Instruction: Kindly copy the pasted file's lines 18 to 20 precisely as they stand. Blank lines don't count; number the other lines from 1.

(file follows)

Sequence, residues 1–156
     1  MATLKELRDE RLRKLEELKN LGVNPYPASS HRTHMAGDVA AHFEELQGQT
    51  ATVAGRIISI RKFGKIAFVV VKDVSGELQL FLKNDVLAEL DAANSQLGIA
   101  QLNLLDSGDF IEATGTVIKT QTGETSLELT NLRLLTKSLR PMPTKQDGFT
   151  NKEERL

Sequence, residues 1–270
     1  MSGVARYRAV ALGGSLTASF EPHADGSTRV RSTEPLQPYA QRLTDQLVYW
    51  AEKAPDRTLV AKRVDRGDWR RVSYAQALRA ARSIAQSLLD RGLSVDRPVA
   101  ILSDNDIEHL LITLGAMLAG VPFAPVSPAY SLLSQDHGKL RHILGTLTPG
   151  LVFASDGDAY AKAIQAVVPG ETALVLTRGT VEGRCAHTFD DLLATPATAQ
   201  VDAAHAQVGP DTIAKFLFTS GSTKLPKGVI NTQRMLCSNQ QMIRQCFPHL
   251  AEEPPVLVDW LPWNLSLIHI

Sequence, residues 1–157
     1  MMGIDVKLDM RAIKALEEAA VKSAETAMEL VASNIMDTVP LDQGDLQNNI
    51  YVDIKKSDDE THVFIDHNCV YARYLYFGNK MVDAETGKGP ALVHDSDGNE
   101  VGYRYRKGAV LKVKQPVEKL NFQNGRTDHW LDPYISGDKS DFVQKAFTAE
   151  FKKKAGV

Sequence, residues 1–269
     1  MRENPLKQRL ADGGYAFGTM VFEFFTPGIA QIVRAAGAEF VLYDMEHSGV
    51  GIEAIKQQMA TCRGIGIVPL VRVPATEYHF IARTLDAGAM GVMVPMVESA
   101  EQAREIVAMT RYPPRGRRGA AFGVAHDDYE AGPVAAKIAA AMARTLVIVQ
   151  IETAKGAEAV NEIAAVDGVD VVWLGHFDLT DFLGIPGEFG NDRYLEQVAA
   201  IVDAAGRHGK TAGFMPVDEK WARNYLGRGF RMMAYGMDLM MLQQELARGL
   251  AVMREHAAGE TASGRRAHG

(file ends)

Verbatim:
Sequence, residues 1–269
     1  MRENPLKQRL ADGGYAFGTM VFEFFTPGIA QIVRAAGAEF VLYDMEHSGV
    51  GIEAIKQQMA TCRGIGIVPL VRVPATEYHF IARTLDAGAM GVMVPMVESA